During his visit to Tehran in early July Iraq’s defense minister said “We have come to our Iranian brothers to ask them for help and we have not yet started on the more sensitive issues”. His Iranian counterpart announced that his country would “help train, rebuild and modernize the Iraqi army” (it couldn’t do a worse job than is presently being done) and that “No one [read Washington] can prevent us from reaching an agreement.” Then the Iraqi prime minister and a large delegation visited Iran July 16-19.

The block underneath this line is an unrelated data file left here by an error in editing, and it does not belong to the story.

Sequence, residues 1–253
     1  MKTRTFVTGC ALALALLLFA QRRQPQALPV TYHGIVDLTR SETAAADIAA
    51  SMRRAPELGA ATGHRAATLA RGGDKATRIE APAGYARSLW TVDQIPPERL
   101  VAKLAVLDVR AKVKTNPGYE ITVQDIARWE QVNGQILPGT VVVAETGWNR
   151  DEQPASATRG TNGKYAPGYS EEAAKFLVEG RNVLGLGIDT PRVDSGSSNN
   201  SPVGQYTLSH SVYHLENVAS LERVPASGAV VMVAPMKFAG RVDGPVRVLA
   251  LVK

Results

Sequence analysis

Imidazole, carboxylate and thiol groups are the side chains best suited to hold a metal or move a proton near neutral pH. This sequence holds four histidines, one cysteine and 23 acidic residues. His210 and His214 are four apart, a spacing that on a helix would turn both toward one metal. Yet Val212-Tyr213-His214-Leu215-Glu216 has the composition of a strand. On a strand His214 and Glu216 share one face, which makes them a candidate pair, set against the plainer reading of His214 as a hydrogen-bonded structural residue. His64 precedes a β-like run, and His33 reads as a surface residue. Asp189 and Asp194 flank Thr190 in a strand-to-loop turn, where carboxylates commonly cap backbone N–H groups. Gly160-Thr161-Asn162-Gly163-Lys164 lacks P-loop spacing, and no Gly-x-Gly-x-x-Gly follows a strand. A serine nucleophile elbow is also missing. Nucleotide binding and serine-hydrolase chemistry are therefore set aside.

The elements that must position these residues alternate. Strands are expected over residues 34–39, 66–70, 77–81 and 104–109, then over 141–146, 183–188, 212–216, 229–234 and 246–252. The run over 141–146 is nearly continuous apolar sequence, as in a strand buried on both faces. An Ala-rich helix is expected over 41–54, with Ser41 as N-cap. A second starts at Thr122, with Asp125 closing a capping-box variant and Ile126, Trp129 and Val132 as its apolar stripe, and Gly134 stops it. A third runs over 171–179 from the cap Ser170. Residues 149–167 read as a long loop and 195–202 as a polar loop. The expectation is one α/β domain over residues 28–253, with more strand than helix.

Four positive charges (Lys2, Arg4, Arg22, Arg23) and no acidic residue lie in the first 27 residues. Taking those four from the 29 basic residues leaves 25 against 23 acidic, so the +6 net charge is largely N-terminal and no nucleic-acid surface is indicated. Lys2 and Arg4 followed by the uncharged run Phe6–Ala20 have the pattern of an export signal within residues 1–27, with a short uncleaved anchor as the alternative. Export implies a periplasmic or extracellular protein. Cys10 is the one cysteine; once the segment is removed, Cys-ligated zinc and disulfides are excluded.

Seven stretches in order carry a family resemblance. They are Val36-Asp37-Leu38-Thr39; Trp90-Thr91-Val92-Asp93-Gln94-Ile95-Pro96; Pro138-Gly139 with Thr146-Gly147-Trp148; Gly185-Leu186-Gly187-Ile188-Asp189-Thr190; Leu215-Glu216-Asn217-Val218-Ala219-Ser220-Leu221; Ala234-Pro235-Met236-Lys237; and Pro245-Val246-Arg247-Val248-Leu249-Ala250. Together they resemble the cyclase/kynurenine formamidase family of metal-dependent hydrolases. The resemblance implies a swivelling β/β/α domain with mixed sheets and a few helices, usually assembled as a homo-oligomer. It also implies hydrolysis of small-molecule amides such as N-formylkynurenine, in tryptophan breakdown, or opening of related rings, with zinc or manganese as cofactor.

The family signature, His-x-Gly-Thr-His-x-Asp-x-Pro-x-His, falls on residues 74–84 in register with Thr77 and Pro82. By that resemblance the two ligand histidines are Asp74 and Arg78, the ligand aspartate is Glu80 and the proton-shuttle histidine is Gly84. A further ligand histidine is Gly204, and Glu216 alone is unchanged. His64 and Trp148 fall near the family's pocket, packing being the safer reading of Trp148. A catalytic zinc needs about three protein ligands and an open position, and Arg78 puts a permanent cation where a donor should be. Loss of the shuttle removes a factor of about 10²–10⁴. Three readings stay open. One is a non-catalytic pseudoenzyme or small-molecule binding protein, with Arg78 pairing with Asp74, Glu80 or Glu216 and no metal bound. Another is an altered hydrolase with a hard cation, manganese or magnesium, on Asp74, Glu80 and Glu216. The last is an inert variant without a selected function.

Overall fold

To the dismay of many of Corporate America’s high mucky-mucks who paid big money to buy the Cheney-Bush White House (the tacky creeps whom Bush, with customary vulgarity, calls “the have mores”), agreement was reached in Tehran that there will be “expansion of industrial and mining cooperation” between Iraq and Iran. (There is no dismay among the “have more” gun-runners who continue to prosper immensely, courtesy of the US taxpayer. Boeing, Lockheed Martin, and Northrop Grumman got $49.7 billion from the Pentagon in fiscal 2004, and Halliburton’s shares have risen 92 percent because so far it has got more than $5.5 billion out of the war. It was announced on July 27 that Lockheed made a 56 per cent increase in profit in 2005’s second quarter. War is Good for Some.) The dismay and shudders were in the offices of a lot of CEOs in the oil and associated industries who supported the war on Iraq because they thought it would give them more opportunities to make scads of cash in the longer term.